On June 24, 2013, the Supreme Court reversed a $21 million jury verdict awarded to a woman who suffered serious and debilitating injuries as a result of taking a generic form of the drug sulindac.The name brand version of this drug is Clinoril. Karen Bartlett, the injured plaintiff, began taking sulindac in 2004 for her shoulder pain. She was prescribed Clinoril, but her pharmacist filled the prescription with the generic form of the drug which was manufactured and sold by Mutual Pharmaceutical. Soon after taking the medication, she developed toxic epidermal necrolysis, a closely related disease to Stevens-Johnson Syndrome. The US Food and Drug Administration (FDA) approved a label change in 2005 to add warnings regarding toxic epidermal necrolysis and Stevens-Johnson Syndrome to the label, but this change came after Ms. Bartlett suffered the effects of toxic epidermal necrolysis.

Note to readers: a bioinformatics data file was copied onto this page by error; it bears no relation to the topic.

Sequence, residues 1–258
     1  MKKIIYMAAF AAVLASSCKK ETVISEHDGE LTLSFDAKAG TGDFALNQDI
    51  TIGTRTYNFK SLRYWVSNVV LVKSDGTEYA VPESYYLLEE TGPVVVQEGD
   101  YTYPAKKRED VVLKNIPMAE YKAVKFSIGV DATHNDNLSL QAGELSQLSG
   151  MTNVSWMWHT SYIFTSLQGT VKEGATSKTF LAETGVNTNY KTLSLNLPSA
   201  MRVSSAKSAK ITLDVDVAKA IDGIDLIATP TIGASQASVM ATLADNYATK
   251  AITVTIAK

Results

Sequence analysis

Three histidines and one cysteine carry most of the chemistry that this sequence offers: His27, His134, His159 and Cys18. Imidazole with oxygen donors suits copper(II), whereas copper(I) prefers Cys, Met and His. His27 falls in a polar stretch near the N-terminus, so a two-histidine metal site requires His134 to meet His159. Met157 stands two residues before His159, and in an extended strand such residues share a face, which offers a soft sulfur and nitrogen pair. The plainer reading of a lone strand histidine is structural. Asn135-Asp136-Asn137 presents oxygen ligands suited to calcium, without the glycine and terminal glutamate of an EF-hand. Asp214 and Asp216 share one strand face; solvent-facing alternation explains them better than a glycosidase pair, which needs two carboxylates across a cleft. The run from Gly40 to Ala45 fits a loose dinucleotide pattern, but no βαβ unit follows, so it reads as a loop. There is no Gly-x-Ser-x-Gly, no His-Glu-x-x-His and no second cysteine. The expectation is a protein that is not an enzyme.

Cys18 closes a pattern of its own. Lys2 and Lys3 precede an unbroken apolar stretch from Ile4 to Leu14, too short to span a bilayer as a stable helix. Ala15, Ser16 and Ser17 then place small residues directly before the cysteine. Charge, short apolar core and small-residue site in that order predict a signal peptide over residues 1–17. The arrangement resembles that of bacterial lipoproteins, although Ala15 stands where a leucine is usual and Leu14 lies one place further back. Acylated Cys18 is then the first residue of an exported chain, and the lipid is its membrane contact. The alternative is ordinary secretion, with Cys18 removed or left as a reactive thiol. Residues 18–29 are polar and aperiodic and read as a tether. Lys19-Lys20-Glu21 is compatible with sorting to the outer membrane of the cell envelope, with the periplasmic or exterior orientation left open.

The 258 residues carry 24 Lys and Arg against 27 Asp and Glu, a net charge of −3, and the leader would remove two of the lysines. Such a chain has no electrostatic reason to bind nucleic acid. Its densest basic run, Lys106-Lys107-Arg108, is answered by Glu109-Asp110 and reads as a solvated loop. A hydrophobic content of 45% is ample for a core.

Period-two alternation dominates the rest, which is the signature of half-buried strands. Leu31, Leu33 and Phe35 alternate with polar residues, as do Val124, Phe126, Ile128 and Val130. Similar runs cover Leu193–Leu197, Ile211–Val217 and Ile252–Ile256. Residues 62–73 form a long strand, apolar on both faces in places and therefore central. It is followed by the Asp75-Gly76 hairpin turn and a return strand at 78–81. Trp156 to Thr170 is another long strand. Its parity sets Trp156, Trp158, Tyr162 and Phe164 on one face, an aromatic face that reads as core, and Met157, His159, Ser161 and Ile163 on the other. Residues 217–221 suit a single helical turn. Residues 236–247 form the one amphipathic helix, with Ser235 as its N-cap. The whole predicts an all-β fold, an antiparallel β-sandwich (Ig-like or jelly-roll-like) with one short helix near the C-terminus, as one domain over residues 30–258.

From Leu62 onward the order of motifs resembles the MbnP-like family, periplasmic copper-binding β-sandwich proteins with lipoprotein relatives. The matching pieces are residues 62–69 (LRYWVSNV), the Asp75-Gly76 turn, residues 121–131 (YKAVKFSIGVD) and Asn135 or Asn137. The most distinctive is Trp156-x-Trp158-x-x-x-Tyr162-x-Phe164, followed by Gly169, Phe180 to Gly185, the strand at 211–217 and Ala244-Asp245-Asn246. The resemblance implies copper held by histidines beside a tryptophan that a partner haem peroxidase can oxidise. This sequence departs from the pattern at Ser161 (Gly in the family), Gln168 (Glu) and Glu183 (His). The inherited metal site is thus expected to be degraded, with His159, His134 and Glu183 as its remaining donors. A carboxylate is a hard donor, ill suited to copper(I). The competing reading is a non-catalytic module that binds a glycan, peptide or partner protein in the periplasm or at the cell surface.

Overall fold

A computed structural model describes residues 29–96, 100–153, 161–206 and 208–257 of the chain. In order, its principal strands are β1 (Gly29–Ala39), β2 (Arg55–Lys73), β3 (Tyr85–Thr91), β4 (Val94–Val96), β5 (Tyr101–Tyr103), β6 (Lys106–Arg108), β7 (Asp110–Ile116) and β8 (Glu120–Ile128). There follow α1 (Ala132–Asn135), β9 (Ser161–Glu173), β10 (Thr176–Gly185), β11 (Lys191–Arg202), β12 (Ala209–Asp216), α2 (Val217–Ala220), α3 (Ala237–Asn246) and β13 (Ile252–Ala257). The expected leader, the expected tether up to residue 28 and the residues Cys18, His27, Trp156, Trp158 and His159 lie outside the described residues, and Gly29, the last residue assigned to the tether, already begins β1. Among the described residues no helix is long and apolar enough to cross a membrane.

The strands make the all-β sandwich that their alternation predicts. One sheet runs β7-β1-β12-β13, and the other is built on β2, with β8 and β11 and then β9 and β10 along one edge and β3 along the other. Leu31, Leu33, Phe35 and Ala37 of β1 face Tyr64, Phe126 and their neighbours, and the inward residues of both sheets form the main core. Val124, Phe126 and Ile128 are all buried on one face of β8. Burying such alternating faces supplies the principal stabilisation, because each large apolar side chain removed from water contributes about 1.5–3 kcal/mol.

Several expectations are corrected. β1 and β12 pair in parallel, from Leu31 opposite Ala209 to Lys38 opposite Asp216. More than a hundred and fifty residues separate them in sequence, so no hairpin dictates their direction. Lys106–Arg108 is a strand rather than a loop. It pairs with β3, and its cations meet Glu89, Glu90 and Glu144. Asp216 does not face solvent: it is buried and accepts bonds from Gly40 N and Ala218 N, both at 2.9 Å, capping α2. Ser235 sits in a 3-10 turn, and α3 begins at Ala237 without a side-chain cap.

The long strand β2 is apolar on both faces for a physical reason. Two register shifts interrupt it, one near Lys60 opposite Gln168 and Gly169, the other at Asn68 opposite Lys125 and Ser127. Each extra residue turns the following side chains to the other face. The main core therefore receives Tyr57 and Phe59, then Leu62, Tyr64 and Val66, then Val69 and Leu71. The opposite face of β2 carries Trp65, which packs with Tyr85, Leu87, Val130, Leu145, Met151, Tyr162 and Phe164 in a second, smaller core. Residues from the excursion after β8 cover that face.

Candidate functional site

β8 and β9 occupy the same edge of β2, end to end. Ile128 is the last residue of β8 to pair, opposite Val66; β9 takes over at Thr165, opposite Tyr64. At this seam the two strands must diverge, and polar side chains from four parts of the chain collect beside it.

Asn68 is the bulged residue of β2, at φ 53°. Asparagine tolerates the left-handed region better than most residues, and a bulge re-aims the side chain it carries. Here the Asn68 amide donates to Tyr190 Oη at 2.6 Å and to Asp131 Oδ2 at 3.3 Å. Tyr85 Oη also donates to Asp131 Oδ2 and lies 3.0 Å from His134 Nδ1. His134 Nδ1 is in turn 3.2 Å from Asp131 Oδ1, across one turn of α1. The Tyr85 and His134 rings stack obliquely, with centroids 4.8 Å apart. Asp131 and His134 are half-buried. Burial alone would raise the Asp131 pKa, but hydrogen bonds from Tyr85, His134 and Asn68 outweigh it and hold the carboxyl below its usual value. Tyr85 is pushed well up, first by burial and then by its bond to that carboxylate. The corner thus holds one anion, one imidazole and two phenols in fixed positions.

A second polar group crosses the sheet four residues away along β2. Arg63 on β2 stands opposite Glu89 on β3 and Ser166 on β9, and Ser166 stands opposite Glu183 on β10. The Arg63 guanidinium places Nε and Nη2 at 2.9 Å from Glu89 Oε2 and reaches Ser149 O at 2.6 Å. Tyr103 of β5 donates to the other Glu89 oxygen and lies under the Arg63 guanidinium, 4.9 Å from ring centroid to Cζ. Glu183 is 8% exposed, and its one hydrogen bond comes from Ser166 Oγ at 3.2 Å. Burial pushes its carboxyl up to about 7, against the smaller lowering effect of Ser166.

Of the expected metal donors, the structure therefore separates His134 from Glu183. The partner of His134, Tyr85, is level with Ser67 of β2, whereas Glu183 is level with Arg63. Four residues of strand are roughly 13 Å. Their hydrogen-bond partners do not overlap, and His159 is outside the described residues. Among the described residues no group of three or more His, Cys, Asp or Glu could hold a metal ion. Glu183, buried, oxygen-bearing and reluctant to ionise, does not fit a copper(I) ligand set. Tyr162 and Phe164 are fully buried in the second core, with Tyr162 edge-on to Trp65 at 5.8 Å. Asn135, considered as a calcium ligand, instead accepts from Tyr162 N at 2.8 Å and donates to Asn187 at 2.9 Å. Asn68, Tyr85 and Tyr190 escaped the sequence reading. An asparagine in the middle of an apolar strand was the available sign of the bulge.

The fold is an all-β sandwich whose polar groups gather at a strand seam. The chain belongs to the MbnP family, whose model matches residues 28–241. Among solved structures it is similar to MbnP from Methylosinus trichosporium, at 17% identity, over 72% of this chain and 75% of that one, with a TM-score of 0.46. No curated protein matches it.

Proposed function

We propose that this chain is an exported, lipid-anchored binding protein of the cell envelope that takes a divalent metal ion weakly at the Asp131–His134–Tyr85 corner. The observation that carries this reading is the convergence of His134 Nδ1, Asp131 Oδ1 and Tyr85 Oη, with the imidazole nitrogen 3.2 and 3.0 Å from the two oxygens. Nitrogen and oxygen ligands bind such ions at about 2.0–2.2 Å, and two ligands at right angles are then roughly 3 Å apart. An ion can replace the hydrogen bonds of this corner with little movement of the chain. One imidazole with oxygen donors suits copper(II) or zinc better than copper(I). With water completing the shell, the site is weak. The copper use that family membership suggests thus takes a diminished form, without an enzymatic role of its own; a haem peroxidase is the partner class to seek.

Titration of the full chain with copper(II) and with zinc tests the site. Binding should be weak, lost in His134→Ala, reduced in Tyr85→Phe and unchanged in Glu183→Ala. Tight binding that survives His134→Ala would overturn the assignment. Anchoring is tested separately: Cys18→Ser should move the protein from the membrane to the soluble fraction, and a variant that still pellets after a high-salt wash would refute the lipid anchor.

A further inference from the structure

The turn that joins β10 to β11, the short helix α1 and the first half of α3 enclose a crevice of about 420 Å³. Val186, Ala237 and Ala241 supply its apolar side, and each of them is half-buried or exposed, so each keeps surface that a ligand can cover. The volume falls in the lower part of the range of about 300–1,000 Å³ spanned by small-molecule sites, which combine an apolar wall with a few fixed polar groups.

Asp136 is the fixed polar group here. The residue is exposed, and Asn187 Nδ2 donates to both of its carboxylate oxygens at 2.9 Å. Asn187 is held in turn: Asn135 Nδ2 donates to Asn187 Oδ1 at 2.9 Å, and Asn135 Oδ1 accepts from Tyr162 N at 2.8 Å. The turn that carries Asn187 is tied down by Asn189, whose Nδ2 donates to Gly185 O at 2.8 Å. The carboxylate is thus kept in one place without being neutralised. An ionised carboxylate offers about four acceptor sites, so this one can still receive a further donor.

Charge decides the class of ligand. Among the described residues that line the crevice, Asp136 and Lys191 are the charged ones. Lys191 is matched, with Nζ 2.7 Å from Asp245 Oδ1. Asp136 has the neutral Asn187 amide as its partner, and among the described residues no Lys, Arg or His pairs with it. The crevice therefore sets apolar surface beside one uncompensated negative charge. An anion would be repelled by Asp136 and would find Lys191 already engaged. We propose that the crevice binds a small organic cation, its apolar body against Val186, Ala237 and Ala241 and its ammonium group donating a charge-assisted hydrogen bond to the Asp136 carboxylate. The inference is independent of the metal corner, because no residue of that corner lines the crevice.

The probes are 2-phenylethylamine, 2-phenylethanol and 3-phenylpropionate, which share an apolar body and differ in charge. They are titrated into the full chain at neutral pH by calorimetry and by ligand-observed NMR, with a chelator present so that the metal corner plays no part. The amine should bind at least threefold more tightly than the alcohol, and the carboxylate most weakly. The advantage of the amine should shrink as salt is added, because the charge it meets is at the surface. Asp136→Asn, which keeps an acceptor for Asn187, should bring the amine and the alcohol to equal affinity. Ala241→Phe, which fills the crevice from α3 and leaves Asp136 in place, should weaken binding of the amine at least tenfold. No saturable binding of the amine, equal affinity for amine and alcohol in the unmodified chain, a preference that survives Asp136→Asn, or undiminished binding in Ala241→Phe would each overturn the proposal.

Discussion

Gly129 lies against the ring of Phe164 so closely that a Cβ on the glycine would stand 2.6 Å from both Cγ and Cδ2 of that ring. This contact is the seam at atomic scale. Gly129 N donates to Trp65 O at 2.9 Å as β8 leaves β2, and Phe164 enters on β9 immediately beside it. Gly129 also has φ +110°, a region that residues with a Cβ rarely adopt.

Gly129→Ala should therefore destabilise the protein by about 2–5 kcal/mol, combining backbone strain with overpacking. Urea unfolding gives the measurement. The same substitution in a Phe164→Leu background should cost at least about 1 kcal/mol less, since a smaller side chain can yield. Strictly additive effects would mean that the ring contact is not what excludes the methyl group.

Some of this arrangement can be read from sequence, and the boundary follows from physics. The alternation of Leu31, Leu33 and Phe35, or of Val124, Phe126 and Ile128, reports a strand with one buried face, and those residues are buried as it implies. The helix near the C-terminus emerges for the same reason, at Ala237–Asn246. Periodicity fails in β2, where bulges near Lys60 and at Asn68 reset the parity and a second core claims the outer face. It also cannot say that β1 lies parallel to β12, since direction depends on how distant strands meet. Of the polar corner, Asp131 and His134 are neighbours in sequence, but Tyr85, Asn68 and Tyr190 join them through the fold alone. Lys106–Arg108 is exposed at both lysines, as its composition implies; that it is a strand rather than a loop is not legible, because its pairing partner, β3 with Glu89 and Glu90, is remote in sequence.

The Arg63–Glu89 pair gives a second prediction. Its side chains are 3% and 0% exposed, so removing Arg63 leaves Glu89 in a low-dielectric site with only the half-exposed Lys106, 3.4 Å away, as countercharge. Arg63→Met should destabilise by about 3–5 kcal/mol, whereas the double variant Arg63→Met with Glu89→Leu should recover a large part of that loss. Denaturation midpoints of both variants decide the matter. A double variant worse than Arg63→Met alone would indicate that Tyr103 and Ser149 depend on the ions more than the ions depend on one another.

The Supreme Court’s opinion addressed whether or not Ms. Bartlett’s state court design defect claim was pre-empted by federal law. The Supreme Court found that design defect claims that turn on the adequacy of the drug’s warnings are pre-empted by federal law. It went on to note that Mutual had two options in attempting to comply with the state law requirement against the design, manufacture or sale of an “unreasonably dangerous” drug: to change the design of the drug or change the labeling. According to the Court, Mutual could not do either without being in violation of federal law and FDA requirements.
The First Court of Appeals, who upheld the jury’s verdict against Mutual. It held that if Mutual could not change the drug’s design or change the warning label, it could stop selling the drug. The Supreme Court reversed this holding.
See the Supreme Court’s opinion at: